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Verizon and Ericsson recently completed a trial of advanced Low-Latency, Low-Loss, Scalable Throughput (L4S) capabilities that will optimize Verizon’s 5G network for more robust solutions like interactive video, remote control of industrial processes, augmented reality (AR) and virtual reality (VR). 

“While the first wave of 5G saw massive network infrastructure deployments, increased 5G adoption, and rapid ecosystem building, the second wave of the 5G era will be characterized by widespread innovation built on speed, massive capacity, low latency, security and reliability,” said Adam Koeppe, Senior Vice President of Network and Technology Planning for Verizon. “Just as we worked to evolve 4G after its initial launch into a high-performance network, we are now evolving the Radio Access Network providing 5G technology by introducing advanced technology features that will push the boundaries of what this service can provide to our customers.”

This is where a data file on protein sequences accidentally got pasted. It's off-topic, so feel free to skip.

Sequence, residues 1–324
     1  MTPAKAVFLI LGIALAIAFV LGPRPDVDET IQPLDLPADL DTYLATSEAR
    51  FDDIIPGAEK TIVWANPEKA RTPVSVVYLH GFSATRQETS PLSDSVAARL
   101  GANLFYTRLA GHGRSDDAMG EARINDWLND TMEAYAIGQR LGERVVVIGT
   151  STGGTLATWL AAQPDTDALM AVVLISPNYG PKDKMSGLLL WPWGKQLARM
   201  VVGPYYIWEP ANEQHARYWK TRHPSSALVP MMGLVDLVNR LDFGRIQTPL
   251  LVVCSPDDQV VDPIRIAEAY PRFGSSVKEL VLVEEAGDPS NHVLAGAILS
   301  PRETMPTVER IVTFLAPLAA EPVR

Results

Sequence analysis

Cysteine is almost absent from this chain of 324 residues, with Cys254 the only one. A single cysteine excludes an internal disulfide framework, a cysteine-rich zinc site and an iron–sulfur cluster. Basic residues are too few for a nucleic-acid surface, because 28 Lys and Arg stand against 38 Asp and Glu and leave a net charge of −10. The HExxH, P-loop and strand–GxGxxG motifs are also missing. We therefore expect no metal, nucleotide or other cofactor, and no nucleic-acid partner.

L4S is a cutting-edge capability designed to enable content providers to use the specific, robust network resources needed for a variety of time-critical applications, including entertainment, Vehicle to Everything (V2X) communications, teleoperated driving, and drone operations, which all have in common the need for fast and consistent throughputs and the ability to meet desired latency targets in real time.

“The potential of 5G lies in its ability to facilitate a diverse array of groundbreaking services, particularly in time-critical communications for both consumers and businesses,” said Graham Osborne, Vice President and Head of Customer Unit Verizon for Ericsson North America. “This recent achievement with Verizon underscores the significant improvement in performance of time-critical, high-rate applications enabled through the L4S capability.”

The L4S trial, conducted in Ericsson’s D-15 5G innovation and co-creation lab in Santa Clara, CA, tested an XR application using an XR virtual reality headset over Ericsson’s 5G stand alone core connecting to Verizon’s C-Band spectrum. The trial demonstrated how enabling L4S signaling in RAN allowed content providers to adjust the rates at which they sent their data packets, thereby markedly improving the performance of urgent, high-bandwidth applications over Verizon's 5G network. The results showed latency reduction by up to 50%, demonstrating the potential of L4S as a rate adaptation framework for 5G time-critical high data rate applications.

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